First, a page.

Open Spaces: Leaving the nest: Millerbird Chick Flies into History

Leaving the nest: Millerbird Chick Flies into History

A child leaving home is always a big deal to the parents, but in this case it’s a big deal to an entire species.

The species in question is the tiny endangered Hawaiian songbird known as the “Millerbird.” And the “big deal”? The fledgling of a Millerbird on Laysan Island in the Northwestern Hawaiian Islands.

You see, until this past September, no one had seen a Millerbird on Laysan Island in almost a century. Rabbits and other introduced grazing animals had devastated the island’s vegetation, destroying Millerbird habitat and by 1923 effectively wiping out the Millerbird population.

MillerbirdA millerbird looks at home on Laysan Island. Photo: R. Kohley/American Bird Conservancy & USFWS

Luckily there was a second population 650 miles away on the 170-acre (about a quarter square mile) island of Nihoa. This population, which now numbers about 775 birds, was all that stood between the Millerbird species and extinction. And as we know all too well from what happened on Laysan, a population concentrated in such a small area is always at risk of disappearing from a single extreme event. 

In an effort to cut that risk and to return the bird to part of its historic range, in the autumn of 2011, 24 Millerbirds were caught on Nihoa and released on Laysan Island.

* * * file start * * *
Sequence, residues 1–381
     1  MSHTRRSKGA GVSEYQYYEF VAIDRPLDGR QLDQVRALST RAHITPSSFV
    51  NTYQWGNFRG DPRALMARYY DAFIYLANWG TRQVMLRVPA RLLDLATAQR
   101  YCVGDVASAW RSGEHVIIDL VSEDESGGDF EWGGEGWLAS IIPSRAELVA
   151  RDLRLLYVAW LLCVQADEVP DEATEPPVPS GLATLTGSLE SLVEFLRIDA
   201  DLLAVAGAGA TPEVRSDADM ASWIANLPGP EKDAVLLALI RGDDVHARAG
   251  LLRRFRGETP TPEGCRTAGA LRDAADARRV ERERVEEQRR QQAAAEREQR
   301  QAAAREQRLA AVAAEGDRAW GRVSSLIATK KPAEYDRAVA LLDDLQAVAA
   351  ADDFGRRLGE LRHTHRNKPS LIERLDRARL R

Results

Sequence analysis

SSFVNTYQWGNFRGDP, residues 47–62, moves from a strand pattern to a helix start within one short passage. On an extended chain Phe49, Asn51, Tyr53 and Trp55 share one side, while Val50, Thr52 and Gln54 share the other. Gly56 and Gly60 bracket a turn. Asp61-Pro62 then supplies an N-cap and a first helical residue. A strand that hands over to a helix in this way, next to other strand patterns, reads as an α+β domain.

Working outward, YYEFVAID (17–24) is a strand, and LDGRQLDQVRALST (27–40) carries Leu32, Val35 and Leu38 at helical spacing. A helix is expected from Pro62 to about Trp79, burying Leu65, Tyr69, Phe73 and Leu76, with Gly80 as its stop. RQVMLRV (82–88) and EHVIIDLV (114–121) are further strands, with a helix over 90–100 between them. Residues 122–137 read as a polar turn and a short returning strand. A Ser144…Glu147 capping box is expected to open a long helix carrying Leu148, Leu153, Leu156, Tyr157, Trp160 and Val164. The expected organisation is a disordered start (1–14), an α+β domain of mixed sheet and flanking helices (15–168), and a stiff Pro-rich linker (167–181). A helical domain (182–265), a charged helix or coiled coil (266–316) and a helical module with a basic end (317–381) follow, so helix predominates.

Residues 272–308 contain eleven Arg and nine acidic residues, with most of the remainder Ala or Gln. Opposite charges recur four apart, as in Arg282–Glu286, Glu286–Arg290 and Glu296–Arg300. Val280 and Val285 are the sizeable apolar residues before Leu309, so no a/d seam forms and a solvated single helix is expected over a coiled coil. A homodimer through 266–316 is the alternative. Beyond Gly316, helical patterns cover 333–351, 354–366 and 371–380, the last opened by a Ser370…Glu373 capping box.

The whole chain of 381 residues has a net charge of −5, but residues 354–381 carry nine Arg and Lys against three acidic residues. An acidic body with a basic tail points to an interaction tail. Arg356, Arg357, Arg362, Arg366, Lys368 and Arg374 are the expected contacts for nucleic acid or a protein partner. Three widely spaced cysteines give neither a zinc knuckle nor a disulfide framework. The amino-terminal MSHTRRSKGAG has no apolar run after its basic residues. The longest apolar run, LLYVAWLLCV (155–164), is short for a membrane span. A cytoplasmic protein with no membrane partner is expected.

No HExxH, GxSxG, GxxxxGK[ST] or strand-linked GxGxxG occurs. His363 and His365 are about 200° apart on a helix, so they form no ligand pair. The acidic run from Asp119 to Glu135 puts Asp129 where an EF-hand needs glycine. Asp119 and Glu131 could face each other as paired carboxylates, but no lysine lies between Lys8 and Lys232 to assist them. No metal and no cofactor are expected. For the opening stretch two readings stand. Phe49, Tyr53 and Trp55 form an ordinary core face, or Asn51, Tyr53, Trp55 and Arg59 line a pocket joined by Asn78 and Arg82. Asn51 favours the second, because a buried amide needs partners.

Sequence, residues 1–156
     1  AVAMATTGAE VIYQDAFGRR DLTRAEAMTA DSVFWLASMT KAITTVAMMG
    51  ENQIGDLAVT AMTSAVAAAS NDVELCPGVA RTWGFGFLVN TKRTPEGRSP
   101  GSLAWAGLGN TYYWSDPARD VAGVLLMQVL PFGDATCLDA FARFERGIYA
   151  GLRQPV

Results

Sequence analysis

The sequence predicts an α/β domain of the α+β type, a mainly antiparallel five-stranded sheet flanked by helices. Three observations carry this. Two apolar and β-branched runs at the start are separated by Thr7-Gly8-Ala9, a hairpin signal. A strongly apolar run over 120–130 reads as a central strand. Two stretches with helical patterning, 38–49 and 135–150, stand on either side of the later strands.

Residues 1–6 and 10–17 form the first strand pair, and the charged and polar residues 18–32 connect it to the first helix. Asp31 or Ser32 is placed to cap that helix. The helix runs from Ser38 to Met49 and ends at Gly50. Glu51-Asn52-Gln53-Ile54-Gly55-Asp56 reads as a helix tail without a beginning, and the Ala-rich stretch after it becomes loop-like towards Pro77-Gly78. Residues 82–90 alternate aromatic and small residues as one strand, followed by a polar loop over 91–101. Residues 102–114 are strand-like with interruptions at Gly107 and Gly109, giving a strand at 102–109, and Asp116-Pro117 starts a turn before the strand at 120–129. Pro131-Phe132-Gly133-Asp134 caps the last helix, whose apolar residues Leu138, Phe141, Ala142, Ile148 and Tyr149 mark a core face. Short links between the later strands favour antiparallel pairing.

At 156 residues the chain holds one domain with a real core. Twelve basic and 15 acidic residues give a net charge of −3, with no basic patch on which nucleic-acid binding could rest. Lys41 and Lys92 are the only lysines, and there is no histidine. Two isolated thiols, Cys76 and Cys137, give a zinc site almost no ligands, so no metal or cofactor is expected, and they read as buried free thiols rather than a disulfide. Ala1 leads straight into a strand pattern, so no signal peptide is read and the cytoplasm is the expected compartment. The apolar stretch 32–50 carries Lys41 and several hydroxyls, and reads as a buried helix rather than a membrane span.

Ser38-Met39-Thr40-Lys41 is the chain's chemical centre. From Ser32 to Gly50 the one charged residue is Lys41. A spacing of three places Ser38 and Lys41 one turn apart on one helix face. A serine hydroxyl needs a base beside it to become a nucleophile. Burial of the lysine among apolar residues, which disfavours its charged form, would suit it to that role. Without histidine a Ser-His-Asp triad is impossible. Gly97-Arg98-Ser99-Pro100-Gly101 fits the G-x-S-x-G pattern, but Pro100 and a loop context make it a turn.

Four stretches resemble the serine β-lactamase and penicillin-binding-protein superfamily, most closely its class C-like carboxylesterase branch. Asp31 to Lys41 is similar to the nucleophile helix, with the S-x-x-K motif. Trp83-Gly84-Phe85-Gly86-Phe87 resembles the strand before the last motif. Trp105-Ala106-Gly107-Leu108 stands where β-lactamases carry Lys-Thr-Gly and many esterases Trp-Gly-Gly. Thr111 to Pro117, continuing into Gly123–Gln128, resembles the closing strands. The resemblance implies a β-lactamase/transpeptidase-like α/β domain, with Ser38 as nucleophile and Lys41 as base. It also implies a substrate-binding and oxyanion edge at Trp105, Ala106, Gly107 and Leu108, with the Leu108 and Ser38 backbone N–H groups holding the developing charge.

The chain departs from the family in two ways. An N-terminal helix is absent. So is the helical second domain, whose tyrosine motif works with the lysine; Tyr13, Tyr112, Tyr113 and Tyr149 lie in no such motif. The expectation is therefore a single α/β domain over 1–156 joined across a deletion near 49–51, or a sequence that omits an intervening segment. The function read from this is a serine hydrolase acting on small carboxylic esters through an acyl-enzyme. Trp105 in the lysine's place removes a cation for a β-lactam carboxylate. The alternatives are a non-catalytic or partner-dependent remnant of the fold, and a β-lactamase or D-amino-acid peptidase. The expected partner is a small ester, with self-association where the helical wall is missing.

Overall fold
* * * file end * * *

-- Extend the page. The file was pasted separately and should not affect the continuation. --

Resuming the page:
For the past 20 years we’d been getting their old home ready for their return, eliminating exotic foraging species and restoring the native low shrubs and bunch-grasses where Millerbirds forage for insects. 

MillerbirdThe first Millerbird chick fledged on Laysan Island in nearly 100 years. Photo: R. Kohley/American Bird Conservancy 

At least 21 of the 24 birds survived the winter storm season on Laysan. And now, with evidence that the birds are nesting and successfully rearing young, it looks like we’ve turned a corner on both restoration of the island and long-term survival of the Millerbird. 

Biologists have been stationed on Laysan Island for six months after the release. You can get their fascinating notes from the field at: and

The reintroduction effort is a cooperative venture between the American Bird Conservancy and the Service, resulting from many years of research and detailed planning by biologists and resource managers. Both Laysan and Nihoa Islands are within the Hawaiian Islands National Wildlife Refuge and Papahanaumokuakea Marine National Monument.

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Last updated: June 21, 2012